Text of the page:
Do you want to keep snooping neighbors or strangers out of your business but do not want to or cannot install blinds or curtains on your windows? The window tint film is an easy and indistinct way to achieve that result without spending a lot of money.
According to Westside Management Company, window film is a solution that works well if you are a tenant looking for how to work around your landlord’s rules on what you can or cannot do in a rental. It also works for homeowners who like their windows free yet want to reduce the amount of sunlight coming into rooms.
Window tint film will keep harsh sunlight and harmful UV rays out of your home. Although they will let some light pass, they are not see-through, so people on the other side can’t see into your home. Moreover, they will help trap heat during winter and are appealing to the eyes.
What is window tint film?
It’s a thin film, often made of polyester applied to the interior side of window glass to make them more energy-efficient and translucent. Most window films come with a reflective surface to repel most of the sun’s heat while allowing the light to pass through.
There are several types of window tint film;
A. Solar window films
Solar films are the best for shielding the home’s occupants and its contents from harmful UV rays. They can block up to 99.9% of harmful ultraviolet rays in sunlight. Also, they are effective in regulating indoor temperature, reducing glare, and the home’s energy usage.
B. One way mirror film
These only provide privacy during the daytime. When the sun is up, they keep outsiders from seeing into the room. However, they lose this ability at night when the room is brighter than the outside. One way mirror films are best used in commercial properties or with blinds or curtains in the home.
C. Blackout film
Blackout film provides two-way privacy; people outside can’t see into the room, and the person inside the room can’t see to the outside. Blackout film will darken a room completely. They are valuable for people who work at night and sleep during the day or if a room requires darkening while the occupant is working.
D. Translucent film
These offer some privacy while also letting in a little light. People on the other side of a translucent film can still see through it, but the images appear blurred. They will keep the room bright with soft light and usually come with a patterned design.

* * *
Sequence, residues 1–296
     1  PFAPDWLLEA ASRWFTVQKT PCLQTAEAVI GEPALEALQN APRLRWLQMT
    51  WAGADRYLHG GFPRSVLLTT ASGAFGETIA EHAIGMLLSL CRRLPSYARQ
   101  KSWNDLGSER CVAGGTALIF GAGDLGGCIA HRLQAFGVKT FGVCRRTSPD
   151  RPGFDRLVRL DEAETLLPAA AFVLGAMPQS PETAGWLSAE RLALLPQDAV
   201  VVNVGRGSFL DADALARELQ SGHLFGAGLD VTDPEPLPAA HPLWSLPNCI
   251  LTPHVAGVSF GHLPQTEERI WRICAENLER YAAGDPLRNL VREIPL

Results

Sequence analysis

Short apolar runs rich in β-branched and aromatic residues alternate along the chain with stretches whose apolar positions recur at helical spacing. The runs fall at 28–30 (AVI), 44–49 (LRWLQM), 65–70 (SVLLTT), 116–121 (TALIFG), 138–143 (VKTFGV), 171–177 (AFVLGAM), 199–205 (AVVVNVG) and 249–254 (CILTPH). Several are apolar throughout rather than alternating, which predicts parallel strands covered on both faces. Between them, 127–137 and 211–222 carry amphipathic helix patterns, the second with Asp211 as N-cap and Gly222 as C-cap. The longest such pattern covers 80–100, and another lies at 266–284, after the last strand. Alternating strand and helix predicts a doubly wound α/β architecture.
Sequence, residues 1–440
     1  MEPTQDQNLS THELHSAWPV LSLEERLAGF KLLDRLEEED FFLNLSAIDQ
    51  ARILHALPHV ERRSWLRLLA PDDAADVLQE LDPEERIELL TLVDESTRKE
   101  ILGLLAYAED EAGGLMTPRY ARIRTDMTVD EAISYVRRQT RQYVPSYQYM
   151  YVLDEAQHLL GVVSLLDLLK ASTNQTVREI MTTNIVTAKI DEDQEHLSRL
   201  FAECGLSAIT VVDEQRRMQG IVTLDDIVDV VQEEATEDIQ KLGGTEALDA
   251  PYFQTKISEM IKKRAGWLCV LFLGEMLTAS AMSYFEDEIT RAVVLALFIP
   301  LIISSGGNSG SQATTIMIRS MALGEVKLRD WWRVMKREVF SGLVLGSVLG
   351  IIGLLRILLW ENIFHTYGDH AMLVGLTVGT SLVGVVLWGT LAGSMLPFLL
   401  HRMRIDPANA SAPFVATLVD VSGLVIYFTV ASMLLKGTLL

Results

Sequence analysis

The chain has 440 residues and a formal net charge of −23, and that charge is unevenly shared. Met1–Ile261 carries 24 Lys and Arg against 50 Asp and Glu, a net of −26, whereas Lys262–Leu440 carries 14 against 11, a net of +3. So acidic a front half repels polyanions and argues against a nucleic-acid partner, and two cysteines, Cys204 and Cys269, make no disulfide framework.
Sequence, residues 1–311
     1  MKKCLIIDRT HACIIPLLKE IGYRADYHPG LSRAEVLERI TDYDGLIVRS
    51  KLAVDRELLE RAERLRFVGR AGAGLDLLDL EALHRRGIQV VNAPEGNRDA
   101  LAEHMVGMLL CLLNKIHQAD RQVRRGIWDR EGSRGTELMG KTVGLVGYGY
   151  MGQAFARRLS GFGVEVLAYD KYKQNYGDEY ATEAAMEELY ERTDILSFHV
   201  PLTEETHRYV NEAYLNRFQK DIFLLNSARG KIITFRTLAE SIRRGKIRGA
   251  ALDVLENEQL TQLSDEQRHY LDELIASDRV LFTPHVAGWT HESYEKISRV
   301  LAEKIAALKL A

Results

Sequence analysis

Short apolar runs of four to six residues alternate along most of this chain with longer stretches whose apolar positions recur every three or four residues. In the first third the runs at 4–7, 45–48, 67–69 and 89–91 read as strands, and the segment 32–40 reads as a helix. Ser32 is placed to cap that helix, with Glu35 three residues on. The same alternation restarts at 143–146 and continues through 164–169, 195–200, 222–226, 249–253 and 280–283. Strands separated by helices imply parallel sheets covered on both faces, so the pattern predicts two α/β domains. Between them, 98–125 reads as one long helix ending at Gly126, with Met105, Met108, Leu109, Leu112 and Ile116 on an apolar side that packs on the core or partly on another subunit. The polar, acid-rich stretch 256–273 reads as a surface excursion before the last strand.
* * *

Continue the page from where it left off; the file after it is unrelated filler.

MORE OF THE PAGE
E. Whiteout film
Whiteout film is different from other window films because you do not use them on exterior windows but to create areas of privacy within the home. If applied to a sheet of glass, it appears white on both sides. They are beneficial in the bathroom.
F. Decorative film
Although decorative films are translucent, reduce glare, and provide limited UV protection, their primary function is to beautify the home. They are the thinnest types of window film and come in a range of designs, styles, and patterns.
G. Non-adhesive static cling film
This is not a type of window film; its name describes how the film works. Instead of gluing to the glass, which could be an issue, it clings to its surface by suction. They are perfect for rental homes; renters can have privacy without breaking the lease and risking their security deposit.
How to choose window tint film
The proper tint film for your home depends on your reasons for wanting a window tint film.
1. How much privacy do you want?
If you are looking for 100% privacy, you should consider blackout films. However, if you are comfortable with complete privacy during the daytime and partial privacy at night, go for translucent films augmented with blinds or curtains. If you are not interested in privacy at all, decorative films will serve you well.
2. How attractive is the film?
Are you concerned about how the window tint film enhances the look of your windows, or is this not a factor? For instance, if you are trying to improve the appearance of old windows, your focus should be on finding the best decorative window tint film.
3. The material of the film
The type and thickness of the material are important considerations. The thickness of window tint film plays a role in its translucence, UV rays filtering ability, and durability. On the whole, decorative films are usually the flimsiest, while solar films are among the sturdiest.
4. Rate of UV rejection
The window films are valuable if your goal is to reduce sun exposure, control indoor temperature and lower your energy bill. Window films that absorb most of the sun’s UV rays will also prolong the life of the materials in the home and protect the health of its occupants. Naturally, solar films are appropriate where UV rejection is the main focus.
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